Marfan syndrome (MFS) is a common disorder caused by mutations in the matrix protein fibrillin-1. Many manifestations of MFS, including aortic aneurysm and tear, are driven by excessive TGFbeta signaling, particularly the noncanonical ERK cascade, and can be attenuated by TGFbeta blocking agents in mouse models, including the FDA-approved drug losartan. It is not known if such therapies will work in people with MFS, whether individual variation will limit response to a subset, or if side effects will preclude sufficient dosing. Our understanding of how fibrillin-1 deficiency initiates altered TGFbeta activity remains incomplete, as does knowledge regarding events that culminate in tissue failure, that define particularly vulnerable patient populations such as pregnant woman with MFS or that account for the wide intrafamilial variability in the onset and severity of vascular disease seen in MFS. Answers to these questions will have direct clinical implications.
Aim 1 will build upon the demonstration that a congenital presentation of skin fibrosis (scleroderma) is caused by mutations in fibrillin- that specifically impair integrin binding to its RGD sequence. Mice harboring a RGD to RGE mutation in fibrillin-1 (causing an obligate loss of integrin binding) show dense dermal fibrosis i association with increased expression of an integrin subtype (avb3) known to activate TGFbeta and ERK, and are protected from fibrosis by manipulations that mimic the interaction between fibrillin-1 and other integrins (e.g. a5b1). Our preliminary studies show that RGE mice also develop aortic aneurysm, providing an ideal system to test the hypothesis that loss of matricellular integrin-ligand interaction is an inciting event in the MFS aorta and to test integrn-targeted therapies.
Aim 2 will exploit our recent observation that calcium channel blockers (CCBs) rapidly accelerate vascular disease in MFS mice. The tight temporal sequence between CCB administration and aortic tear will allow discrimination between pathogenic and compensatory events when advanced transcriptome and proteomics profiling methods are applied.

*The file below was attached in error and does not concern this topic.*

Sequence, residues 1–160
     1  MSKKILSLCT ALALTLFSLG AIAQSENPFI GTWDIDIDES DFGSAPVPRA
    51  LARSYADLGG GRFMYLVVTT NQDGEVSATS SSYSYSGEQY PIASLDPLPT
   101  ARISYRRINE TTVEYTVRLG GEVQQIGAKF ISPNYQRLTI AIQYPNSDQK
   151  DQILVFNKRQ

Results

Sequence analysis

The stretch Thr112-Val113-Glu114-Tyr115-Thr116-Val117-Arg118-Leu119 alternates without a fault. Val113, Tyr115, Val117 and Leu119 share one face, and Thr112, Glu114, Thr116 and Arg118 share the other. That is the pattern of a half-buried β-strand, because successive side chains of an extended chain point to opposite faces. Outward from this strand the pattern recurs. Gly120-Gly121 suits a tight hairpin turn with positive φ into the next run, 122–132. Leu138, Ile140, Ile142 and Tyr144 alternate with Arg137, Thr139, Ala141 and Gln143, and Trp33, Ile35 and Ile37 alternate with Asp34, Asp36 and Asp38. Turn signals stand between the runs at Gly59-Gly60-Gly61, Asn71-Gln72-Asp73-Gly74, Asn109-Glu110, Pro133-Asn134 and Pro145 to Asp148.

Aim 3 will explore mechanism and therapy for the strong predisposition for aortic tear at the end of pregnancy or in the immediate postnatal period in pregnant women with MFS - a particularly vulnerable and understudied population. The temporal association between release of oxytocin to mediate delivery and lactation (via activation of ERK) and the timing of predisposition has implicated oxytocin as a potential mediator of cardiovascular risk. This hypothesis will be tested using both targeted genetic and drug trials. Finally, Aim 4 will define and mechanistically characterize the first identified major modifying locus for vascular disease in MFS that has been mapped to chromosome 6. These studies have the strong potential to unveil novel therapeutic targets and strategies for MFS and perhaps more common presentations of aneurysm.
Using both people and mouse models with Marfan syndrome, we will explore molecular mechanisms that drive or protect from aortic aneurysm, a condition that is responsible for the death of 1-2% of all people in industrialized countries. To our knowledge, this is the firs effort to define the basis and treatment for aortic tear in pregnant women, a particularly vulnerable patient group. There is high potential that this work will derive novel treatment strategies for Marfan syndrome, and that these insights will prove relevant to other presentations of aortic aneurysm.
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